Toronto council strips power from embattled Mayor Rob Ford

Posted at 5:38 PM, Nov 18, 2013
and last updated 2013-11-18 19:38:43-05
By Matt Smith


(CNN) — Toronto’s City Council voted Monday to strip embattled Mayor Rob Ford of most of his powers after a tumultuous meeting in which Ford vowed “outright war” in response.

Comparing the vote to “a coup d’etat” and to the Iraqi invasion of Kuwait in 1990, Ford — who admitted earlier this month to smoking crack cocaine in a “drunken stupor” — told council members, “What goes around, comes around, friends.”

“If you think American-style politics is nasty, you guys have just attacked Kuwait,” he said to groans and laughter in the council chambers. “And you will never see something — mark my words, my friends, this is going to be outright war in the next election, and I am going to do everything in my power to beat you guys.”

A series of votes then went overwhelmingly against the mayor, capping a meeting in which he also knocked down a council member during a break, apparently accidentally. Ford and his brother, City Councilor Doug Ford, sparred with hecklers in the council gallery during the recess, with several hecklers shouting “Shame, shame, shame” at one point.

Councilor Pam McConnell suffered a fat lip when she was knocked down, her colleague, Councilor Paula Fletcher, said. Fletcher demanded an apology from the mayor, who said the collision happened when he “rushed to my brother’s defense.”

“I apologize to anybody that I accidentally hit when my brother was in an altercation over there,” Rob Ford said.

“I’m asking you to apologize to Councilor McConnell,” Fletcher replied.

“Absolutely,” Ford replied. “It was a complete accident, and I do sincerely apologize to you, Councilor McConnell.”

In the wake of his crack admission, Ford is battling other allegations of excessive drinking and abusing staffers that have emerged during a drug probe. No charges have been filed against Ford, but his friend and sometime driver has been charged with extortion.

Ford has admitted to drinking too much and has pledged to restrain his consumption of alcohol. Thursday, he denied a female staffer’s allegation that he sought to perform oral sex with graphic language of his own, stunning the reporters who surrounded him and prompting another apologetic news conference.

But he has refused to step down, insisting he would let voters decide on whether to keep him next year. He still appears to have intense support in his home turf in the northwestern precincts of Toronto, where supporters cheered him on over the weekend.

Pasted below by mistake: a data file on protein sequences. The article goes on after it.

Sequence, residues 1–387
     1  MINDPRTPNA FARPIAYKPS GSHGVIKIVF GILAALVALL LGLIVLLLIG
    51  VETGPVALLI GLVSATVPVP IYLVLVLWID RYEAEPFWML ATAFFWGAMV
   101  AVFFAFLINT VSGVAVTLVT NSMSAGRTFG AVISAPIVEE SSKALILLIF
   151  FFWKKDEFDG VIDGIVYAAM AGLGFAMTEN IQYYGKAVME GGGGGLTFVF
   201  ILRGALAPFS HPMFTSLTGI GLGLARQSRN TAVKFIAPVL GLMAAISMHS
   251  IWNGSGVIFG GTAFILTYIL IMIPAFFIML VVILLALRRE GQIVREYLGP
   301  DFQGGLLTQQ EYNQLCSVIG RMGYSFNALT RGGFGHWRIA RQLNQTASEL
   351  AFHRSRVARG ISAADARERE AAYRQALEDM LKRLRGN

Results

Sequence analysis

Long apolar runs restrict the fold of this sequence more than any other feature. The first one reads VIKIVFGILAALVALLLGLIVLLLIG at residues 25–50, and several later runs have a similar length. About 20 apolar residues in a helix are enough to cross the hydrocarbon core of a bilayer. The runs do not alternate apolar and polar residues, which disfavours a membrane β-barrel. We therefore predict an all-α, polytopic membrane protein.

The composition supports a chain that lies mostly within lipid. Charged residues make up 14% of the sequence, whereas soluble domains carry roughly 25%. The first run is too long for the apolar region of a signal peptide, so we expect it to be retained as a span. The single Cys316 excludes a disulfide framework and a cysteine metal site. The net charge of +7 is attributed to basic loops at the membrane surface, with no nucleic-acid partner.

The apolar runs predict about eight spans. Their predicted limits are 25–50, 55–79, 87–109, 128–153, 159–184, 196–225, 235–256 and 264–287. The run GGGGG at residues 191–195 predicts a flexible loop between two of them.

“If you vote in favor of any of these motions, you are absolutely telling everybody that voted in the last municipal election that their vote does not count,” Ford told council members. “I didn’t think it would get to this point, but it has. I’ve apologized enough. I’ve admitted my mistakes. I’m not going to sit here and go on and on and on.”

Monday’s final vote was 36-5 to slash his office’s budget and staff and transfer most of his powers to the city’s deputy mayor, Norm Kelly. The council already has called on Ford to take a leave of absence and voted to strip him of his emergency powers last week.

City Councilor Karen Stintz said Ford “doesn’t understand the issues he’s facing,” and Monday’s votes reduce him to “a figurehead.”

“We are a great city, and the reality is Mayor Ford does not represent the face of the city,” Stintz said. “We are taking the steps we’re taking to give the deputy mayor the powers and the responsibility and the staff to exercise the functions that the mayor no longer can.”

And Councilor Raymond Cho said Ford — who has touted his expansion of Toronto’s subway system among his achievements — was running both a “gravy train” and a “crazy train.”

“He needs help, and I said that many times, but he didn’t accept it,” Cho said. “This is the only route that I have to choose, and I leave up to the individual councilors their decision and I hope we made the right decision.”

In an attempt to head off the vote, Doug Ford introduced a separate measure calling for early elections instead. It was ruled out of order.

“There are 383,000 people who voted for the mayor, and a lot of those people voted for each one for you, too,” he said. “They wouldn’t want the mayor to take that right off each one of you, and it’s the same for the mayor.”

The vote comes hours before a new show featuring the Ford brothers debuts on Canada’s Sun News Network.

“Everybody’s had their say — the critics, the media, the opposition. I want people to listen to me tonight from 8-9 on Sun News,” Rob Ford told the council before the vote.

CNN’s Laura Dolan and Sarah Aarthun contributed to this report.

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